It comes to auction from the descendants of Pierre Jean Georges Cabanis (1757-1808), a doctor and fellow ‘man of letters’ who met Franklin after the American statesman was dispatched to France to become US ambassador in 1776.
At the time, court swords (or dress swords) were often carried at official functions as part of a ‘gentleman’s attire’. Franklin however is known to have abstained from carrying a ceremonial sword (or wearing a wig and formal suit) when meeting the French elite – he was opposed to what he saw as the ‘waste of wealth’ on Royal trimmings.
Swords as Gifts
Yet Franklin appears to have brought the ornate silver-hilted small-sword with him to Europe and would have been aware of the significance that such items carried as gifts in conferring recognition and personal connection.
Franklin is thought to have given the sword to his younger companion Cabanis when he left France at the end of his nine-year spell.
Cabanis and Franklin were described as “kindred spirits” who, despite a 50-year age gap, shared a love of the sciences and philosophy. “Franklin was very much the father figure that Cabanis looked up to,” said Howard Dixon, Christie’s specialist in Arms & Armour.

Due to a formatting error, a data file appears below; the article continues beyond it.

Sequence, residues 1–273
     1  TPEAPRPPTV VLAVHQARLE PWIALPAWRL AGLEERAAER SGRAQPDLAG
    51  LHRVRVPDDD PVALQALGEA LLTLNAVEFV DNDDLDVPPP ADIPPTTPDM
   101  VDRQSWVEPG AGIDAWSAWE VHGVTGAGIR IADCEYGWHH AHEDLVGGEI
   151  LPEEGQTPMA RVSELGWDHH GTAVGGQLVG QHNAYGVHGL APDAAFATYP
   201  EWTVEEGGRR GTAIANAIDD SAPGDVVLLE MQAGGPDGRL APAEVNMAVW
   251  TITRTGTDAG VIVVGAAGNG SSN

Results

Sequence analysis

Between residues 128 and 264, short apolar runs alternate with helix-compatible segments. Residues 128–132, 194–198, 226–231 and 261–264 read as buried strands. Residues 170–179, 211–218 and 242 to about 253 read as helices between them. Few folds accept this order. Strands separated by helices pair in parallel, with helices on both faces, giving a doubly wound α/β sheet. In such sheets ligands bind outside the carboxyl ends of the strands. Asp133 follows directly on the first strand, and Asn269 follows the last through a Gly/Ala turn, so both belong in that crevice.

The sword has never left Cabanis’ family and has been consigned to Christie’s by his descendants Ariane and Emmanuel de Lipkowski.
Dixon said the 3ft 5in (1.03m) sword which dates from around 1760 was “stylistically almost European in style but not quite”. It has a rectangular silversmith’s mark to the scabbard locket – the ‘SS’ mark relating to Samuel Soumaine (c.1718-1769) who was Franklin’s neighbour in Philadelphia.
Indeed, Franklin owned several other pieces of silver attributed to Soumaine which also carried the same mark.
The blade of the sword measures 2ft 10in (85 cm) and it housed in a 3ft 7in (1.08m) case.
It will be offered at the Fine American Furniture, Silver, Outsider and Folk Art sale at Christie's New York on September 20.